Video (1:20 minutes), looped
Commissioned by Other Futures
The tropics exist as a dreamy respite from “real” life …for some people. But it’s not a holiday for the 3.2 billion people who live in the tropical zone. White-made media reinforces a racialized, exotic vacation trope, training their cameras on and constructing sets with gangly palm trees, pristine beaches, glistening oceans, and deferential Pacific Islander, Asian, Caribbean, and/or Indigenous peoples. This is the cherry-picked, colonialist view of tropical lands, which are presented as escapist fantasies and prizes for white Americans and Europeans.
People of color are the global majority and within a couple decades the tropics will be home to more than half of the world’s population. Yet white science fiction filmmakers and television creators insist on creating protagonists from a white minority who sojourn to a distant, tropical paradise centuries and millennia into the future.
When locals make an appearance in white visions of Pacific, Caribbean, and Southeast Asian islands, they are usually flower-adorned, nameless, and anonymous. People of Asia and Oceania are presented interchangeably, as if they belong to one homogenous culture. Although 68% of displaced people and 85% of the extreme poor live in tropical countries, you’ll only see, through the white imaginary, tropical people happy to serve white visitors with a smile. The actual lives of brown people don’t matter; instead, they are portrayed as absurdly stuck in a supposedly “undeveloped” past in sci-fi futures. They can never be worthy of main character status — even if they are part of the majority population — in both the present and the future.
Vivid sunsets and prehistoric plants appear as holographic wallpaper in cyberpunk cinema. Non-white inhabitants with undulating hips beckon to white characters in advertisements for implanted memories. A relaxing tropical getaway or retirement — or the simulation of such — is a reward earned by hard-working white people: A dream in which they can live carefree, with a gentle and subservient class of brown locals to pick up after them, grateful for their benevolent spending of overvalued dollars and Euros. This old, racist topos derives from U.S. and European imperialism and placement of military bases in strategic island territories, insidiously erasing Pasifika, Asian, Caribbean, and Indigenous intellect, cultures, histories, and autonomy. Lazily replicating these stale stereotypes, white sci-fi filmmakers are praised as visionary geniuses.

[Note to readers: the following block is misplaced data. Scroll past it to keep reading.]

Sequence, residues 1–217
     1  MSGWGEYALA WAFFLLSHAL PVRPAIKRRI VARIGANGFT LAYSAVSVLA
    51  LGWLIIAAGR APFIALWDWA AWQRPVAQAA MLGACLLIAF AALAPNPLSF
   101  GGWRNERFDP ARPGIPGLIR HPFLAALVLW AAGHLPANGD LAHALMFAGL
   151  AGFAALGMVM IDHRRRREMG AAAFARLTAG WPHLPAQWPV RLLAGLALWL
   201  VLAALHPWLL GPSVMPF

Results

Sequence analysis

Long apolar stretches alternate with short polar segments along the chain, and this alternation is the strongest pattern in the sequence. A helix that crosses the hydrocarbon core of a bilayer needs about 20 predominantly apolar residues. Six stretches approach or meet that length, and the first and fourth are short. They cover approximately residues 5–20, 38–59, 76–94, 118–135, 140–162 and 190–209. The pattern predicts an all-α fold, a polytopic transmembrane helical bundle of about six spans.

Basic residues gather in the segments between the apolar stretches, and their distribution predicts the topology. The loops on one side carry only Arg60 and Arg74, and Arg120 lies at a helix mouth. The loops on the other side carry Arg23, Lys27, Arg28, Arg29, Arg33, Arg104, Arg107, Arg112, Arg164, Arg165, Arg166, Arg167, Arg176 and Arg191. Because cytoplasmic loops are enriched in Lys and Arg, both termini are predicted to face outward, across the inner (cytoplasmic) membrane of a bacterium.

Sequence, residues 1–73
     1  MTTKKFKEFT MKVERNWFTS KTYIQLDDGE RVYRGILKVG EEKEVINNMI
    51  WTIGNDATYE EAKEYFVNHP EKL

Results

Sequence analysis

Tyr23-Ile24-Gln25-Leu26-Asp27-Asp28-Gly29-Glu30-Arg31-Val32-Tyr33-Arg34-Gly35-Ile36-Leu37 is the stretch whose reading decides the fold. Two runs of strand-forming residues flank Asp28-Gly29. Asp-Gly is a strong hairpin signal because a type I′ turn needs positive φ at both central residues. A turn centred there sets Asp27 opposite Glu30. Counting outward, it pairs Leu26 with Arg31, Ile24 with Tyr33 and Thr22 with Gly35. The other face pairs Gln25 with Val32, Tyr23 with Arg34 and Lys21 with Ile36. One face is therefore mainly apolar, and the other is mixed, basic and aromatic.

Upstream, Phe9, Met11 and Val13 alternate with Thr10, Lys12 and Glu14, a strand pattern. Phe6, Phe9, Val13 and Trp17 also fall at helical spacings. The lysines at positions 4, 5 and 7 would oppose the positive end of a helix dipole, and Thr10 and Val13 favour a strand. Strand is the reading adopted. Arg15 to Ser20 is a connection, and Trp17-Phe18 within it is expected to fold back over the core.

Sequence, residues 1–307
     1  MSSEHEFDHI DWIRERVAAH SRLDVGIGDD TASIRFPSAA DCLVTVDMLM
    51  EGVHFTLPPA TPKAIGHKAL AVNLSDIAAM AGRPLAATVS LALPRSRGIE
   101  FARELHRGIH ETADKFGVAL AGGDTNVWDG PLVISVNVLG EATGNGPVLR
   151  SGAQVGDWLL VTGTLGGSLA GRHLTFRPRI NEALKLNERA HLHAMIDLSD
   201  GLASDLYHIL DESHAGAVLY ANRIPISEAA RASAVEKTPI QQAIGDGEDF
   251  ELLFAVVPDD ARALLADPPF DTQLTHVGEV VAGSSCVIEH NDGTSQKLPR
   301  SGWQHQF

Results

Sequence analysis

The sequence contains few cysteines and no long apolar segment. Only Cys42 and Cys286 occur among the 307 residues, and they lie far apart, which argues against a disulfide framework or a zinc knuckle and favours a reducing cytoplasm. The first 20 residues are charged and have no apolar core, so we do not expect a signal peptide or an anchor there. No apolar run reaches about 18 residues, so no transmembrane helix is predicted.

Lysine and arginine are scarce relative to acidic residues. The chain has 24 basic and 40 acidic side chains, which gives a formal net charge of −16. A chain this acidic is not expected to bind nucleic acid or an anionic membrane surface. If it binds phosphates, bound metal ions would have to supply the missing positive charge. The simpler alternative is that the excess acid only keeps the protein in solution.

Tropicollage is a short, looping video that collages footage from thirty years of futuristic sci-fi movies and television shows that employ a fetishized tropics trope. Commissioned by Other Futures, it is one part of Astria Suparak’s ongoing research project, Asian futures, without Asians.
Sources: The Running Man (1987), Total Recall (1990), The Fifth Element (1997), Minority Report (2002), The Island (2005), Repo Men (2010), Valerian and the City of a Thousand Planets (2017), Altered Carbon (2018).
For a detailed history of U.S. imperialistic intervention on the island of Kauaʻi, see Anthony Banua-Simon’s documentary essay, Cane Fire (2020).
Thank you to Brett Kashmere, Andrea Chung, Nayda Collazo-Llorens, Levalasi Ane Loi-On, and Rory Padeken.
EXHIBITIONS & SCREENINGS
Artists: Astria Suparak, Cindy Shih, Connie Zheng, Diana Li, Jess X Snow, Kacy Jung, Monica Tie, Nancy Sayavong, Preetika Rajgariah, Rea Lynn de Guzman, Sheng Lor, Trinh Mai
Inspired by Grace Lee Boggs, Grow Our Souls showcases artists who are reimagining labor in an era of climate change and late-stage capitalism.
Artists: Pablo Alvarez-Mesa, Isidore Bethel & Francis Leplay, cherry brice jr., Bill Morrison, Rhea Storr, Astria Suparak
THE HEARING TRUMPET, PART II
Organized by Danielle Shang
Galerie Marguo, Paris
May 7 – June 18, 2022
Artists: Carl Cheng, Odonchimeg Davaadorj, Damien H. Ding, Heidi Lau, LIU Xin, Amanda Ross-Ho, Runo B, Catalina Ouyang, Dianna Settles, Kyungmi Shin, Astria Suparak, Ziping Wang, Miranda Fengyuan Zhang, and Stella Zhong.
The exhibition, titled after Leonora Carrington’s fantastical 1974 novel, features artists whose eloquent articulations result from their critical quest into the past and imaginative investment in the present.
Suparak’s installation of Tropicollage at Galerie Marguo is framed by a new wallpaper piece created for the occasion, Aloha, Boys.
MONDAY, Vol. 6 extends the themes and inquiries of the 2021 exhibition Lux Aeterna, considering how technological, economic, and cultural forces shape the ways we produce, share, and experience media — and how that media in turn influences our values and aesthetics. The issue includes a full color, 10-page spread visual essay version of Suparak’s Tropicollage.
Contributors: James Bridle, Vic Brooks, Lauren Berliner + Berette S Macaulay, Radio Amatrices, Robin Oppenheimer, Norie Sato, Hito Steyerl, Charles Stobbs III, Studio for Propositional Cinema, Astria Suparak.
Feb. 22, 2022, 7pm PST (date change from Feb. 3 due to Omicron) @ Northwest Film Forum, Seattle
Launch event for MONDAY: Lux Aeterna with screening of Martine Syms’s film Incense Sweaters & Ice.
T: NEW YORK TIMES STYLE MAGAZINE, “Paris, Europe’s Former Art Capital, Is Back on Top,” Noor Brara, May 4, 2022 [in print May 8]
‘The Hearing Trumpet,’ a recent group show of theirs inspired by the hopeful and radical world-building in the artist and writer Leonora Carrington’s 1974 surrealist novel of the same name, brought together work by Asian artists living in cities across the Americas and Europe. Ms. Guo describes it as a statement show. […] ‘I think it had a really good impact.’ So much that a second installment of ‘The Hearing Trumpet,’ with work by the video artist Astria Suparak, the ceramicist Heidi Lau and others, opened Saturday.
Ms. Guo also attributes the success of the show to a larger shift — away from stuffiness and localism”